It has been a tough year making money in the cotton business as a producer, but this coming year looks brighter. With the surging demand for corn and with corn prices near 10-year highs, corn acres in 2007 will expand by a record level, mostly at the expense of soybeans, but also cotton.

The boom in the ethanol industry has been the driving force behind the corn demand, but this exceptional growth will also have a positive impact on cotton prices this coming year because of declining acres.

Our estimate is that planted acreage of cotton this year will be approximately 12.9 million acres versus last year's 15.28 million acres. This is the lowest planted area since 1990, when U.S. producers planted 12.3 million acres.

With an estimated normal yield of 760 pounds per acre, this translates to a crop size of only 19 million bales, which would be the lowest production since 2003-04.

On the negative side, exports have been a drag on the market to say the least. At the same time, domestic usage continues to decline with this year's expected mill use of 5.35 million bales. Mill use is seen at only 4.9 million bales in the coming year.

The good news — even with declining usage, the drop in planted acreage will more than offset the lack of demand. As a result, carryover supplies are going to drop this coming year from an estimated 6 million bales this year to 5.15 million bales in 2007-08.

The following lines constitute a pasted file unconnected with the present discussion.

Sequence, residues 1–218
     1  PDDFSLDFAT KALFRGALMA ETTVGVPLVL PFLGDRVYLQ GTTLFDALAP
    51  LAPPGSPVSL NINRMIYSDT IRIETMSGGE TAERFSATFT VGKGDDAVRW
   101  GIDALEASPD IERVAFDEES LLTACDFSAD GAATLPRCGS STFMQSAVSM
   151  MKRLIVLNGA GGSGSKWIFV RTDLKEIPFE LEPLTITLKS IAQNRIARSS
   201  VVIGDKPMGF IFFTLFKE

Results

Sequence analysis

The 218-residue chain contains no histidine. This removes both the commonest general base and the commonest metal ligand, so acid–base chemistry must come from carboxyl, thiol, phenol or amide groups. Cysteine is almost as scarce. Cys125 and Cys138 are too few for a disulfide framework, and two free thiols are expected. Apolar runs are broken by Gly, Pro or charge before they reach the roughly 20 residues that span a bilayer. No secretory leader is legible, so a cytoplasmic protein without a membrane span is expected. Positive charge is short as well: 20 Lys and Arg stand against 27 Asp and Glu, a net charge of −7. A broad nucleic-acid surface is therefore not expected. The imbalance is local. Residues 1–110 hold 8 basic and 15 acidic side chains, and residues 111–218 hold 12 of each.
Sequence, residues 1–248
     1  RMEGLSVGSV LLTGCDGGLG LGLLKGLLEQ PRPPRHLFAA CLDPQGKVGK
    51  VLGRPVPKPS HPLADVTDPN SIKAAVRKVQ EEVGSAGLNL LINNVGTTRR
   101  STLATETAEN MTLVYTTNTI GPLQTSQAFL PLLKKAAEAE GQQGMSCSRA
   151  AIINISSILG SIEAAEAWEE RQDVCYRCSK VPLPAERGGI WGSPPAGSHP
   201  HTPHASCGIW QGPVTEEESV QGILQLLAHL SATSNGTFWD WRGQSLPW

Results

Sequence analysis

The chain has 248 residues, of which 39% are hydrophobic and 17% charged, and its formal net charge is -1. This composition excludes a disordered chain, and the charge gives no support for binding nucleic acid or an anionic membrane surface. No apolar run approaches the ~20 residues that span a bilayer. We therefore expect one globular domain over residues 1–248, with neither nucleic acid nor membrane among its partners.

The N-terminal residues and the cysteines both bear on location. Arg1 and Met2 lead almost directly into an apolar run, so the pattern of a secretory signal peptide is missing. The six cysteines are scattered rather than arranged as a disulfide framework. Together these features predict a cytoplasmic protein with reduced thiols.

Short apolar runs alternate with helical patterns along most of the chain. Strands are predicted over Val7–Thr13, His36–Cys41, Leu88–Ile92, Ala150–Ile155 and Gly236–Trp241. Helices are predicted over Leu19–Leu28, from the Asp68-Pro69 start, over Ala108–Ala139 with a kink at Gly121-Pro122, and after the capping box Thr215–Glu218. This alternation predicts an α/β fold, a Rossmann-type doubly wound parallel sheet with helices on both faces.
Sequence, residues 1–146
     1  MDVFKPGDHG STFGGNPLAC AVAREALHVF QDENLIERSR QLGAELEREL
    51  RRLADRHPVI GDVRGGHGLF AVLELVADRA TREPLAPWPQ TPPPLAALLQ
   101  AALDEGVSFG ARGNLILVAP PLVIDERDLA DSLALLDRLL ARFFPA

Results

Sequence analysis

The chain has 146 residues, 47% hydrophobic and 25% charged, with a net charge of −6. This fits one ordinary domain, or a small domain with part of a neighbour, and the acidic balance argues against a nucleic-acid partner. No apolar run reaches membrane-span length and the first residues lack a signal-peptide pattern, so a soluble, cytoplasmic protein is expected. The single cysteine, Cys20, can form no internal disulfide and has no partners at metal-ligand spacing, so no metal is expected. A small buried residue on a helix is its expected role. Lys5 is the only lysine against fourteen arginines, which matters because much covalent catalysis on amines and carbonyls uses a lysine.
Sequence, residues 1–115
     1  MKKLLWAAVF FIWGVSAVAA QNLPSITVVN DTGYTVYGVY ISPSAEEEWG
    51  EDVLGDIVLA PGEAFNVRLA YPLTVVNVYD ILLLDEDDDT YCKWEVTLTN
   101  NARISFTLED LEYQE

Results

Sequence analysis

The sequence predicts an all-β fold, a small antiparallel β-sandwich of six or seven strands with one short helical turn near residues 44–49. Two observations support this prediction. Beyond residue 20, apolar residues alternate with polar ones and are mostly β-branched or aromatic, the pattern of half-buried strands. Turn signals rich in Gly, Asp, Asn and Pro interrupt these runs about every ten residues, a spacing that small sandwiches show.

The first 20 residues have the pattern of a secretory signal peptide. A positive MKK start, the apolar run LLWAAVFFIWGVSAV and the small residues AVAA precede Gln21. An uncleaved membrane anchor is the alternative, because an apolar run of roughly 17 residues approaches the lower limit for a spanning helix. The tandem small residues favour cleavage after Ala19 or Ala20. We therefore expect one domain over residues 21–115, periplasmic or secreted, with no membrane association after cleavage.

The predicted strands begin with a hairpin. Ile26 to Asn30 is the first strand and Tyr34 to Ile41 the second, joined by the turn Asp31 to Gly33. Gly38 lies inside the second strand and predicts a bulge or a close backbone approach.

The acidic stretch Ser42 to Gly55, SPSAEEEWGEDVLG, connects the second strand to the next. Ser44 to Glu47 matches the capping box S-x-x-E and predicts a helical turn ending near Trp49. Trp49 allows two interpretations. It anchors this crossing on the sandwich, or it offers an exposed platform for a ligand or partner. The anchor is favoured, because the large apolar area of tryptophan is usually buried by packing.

From a price perspective, that translates to an expected average price in 2006-07 near 53 cents and in 2007-08 near 55 cents. This compares to only 47.7 cents in 2005-06 and 41.6 cents in 2004-05.

World usage of cotton this year will be approximately 120.9 million bales versus last year's 115.8 and only 108.8 million in 2004-05. The trend is definitely favorable for usage (primarily because of China), but unfortunately the U.S. has lost market share of the increasing world demand.

Unlike corn, the U.S. cotton market does not dominate the world. This year's 2006-07 production is expected to be only 18.4 percent of the total world production. Last year U.S. producers accounted for 21 percent of world production and the previous year 19.3 percent. With acreage down in 2007, this number will only decline more.

The good news in this whole scenario is that cotton prices for U.S. farmers will be higher this coming year compared to 2006. While supplies are not tight enough to create a bull market similar to corn, producers who did not shift acres from cotton to corn will likely be rewarded this coming year.

With the high cost of inputs for cotton crops, an improvement in prices is certainly needed. This is not a year to be an aggressive forward seller in cotton.